**Some equations relating to capacitors:**
When a capacitor is discharged to produce an electric current, the decrease in the charge stored in the capacitor is exponential - it has a constant half-life. The equation for this discharge is:

x = x_{0} e^{-(t / CR)}

**t** is the time during which the capacitor discharges, **C** is the capacitance of the capacitor, and **R** is the resistance of the circuit connected to it. **x** can stand for the charge in the capacitor, **Q**, and it can also stand for the current and voltage of the resulting electric flow, **I** and **V**. Therefore as a capacitor discharges, **charge** in the capacitor and **current** and **voltage** in the circuit all decrease exponentially.

**C × R**, capacitance times resistance, is known as the **time constant** of a capacitor and is represented by **τ**, the letter tau. It is equal to the time, in seconds, taken by the values of **Q**, **I** and **V** (represented by **x** in the above equation) to decrease by a factor of **e**, the exponential function.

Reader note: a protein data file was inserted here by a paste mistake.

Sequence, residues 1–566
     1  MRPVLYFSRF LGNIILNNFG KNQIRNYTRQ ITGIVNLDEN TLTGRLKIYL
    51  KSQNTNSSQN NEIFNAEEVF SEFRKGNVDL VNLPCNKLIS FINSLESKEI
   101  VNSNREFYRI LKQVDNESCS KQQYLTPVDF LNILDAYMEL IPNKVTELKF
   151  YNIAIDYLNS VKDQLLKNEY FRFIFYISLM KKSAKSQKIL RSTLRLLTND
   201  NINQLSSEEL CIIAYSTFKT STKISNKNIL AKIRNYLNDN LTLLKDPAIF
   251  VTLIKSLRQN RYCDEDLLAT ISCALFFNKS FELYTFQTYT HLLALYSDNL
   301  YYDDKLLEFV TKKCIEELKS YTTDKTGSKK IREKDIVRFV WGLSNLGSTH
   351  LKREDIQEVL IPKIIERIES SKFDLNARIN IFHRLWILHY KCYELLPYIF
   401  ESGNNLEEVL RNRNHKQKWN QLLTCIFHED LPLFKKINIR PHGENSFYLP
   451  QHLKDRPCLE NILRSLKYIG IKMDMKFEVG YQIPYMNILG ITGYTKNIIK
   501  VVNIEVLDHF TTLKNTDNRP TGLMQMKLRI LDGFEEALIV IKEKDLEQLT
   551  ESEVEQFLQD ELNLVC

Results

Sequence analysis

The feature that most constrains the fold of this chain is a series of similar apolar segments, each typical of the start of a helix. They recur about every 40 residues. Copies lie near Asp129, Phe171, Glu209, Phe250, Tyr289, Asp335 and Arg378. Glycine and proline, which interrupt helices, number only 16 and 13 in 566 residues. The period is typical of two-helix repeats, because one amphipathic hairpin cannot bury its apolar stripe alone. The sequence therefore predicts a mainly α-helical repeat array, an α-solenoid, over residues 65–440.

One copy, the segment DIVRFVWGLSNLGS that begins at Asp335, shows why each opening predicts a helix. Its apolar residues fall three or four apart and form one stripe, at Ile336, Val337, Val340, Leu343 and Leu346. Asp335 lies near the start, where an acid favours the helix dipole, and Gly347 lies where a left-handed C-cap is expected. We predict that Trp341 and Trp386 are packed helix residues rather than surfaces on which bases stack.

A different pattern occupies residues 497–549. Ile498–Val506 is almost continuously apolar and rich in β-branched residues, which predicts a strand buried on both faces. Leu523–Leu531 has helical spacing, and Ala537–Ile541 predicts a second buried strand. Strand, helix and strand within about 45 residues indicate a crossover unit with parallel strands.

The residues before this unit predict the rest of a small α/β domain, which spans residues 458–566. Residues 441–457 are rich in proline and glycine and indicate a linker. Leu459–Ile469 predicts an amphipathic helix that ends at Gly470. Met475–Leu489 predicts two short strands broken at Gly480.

If capacitors are placed in parallel, the total capacitance is the sum of the individual capacitances:** C**_{total} = C_{1} + C_{2} + C_{3} etc. If they are placed in series, the total capacitance *decreases* according to the equation:** 1/C**_{total} = 1/C_{1} + 1/C_{2} + 1/C_{3} etc. Note that is the reverse of the case for resistors, which become less effective in parallel and more effective in series.

See also capacitor time constant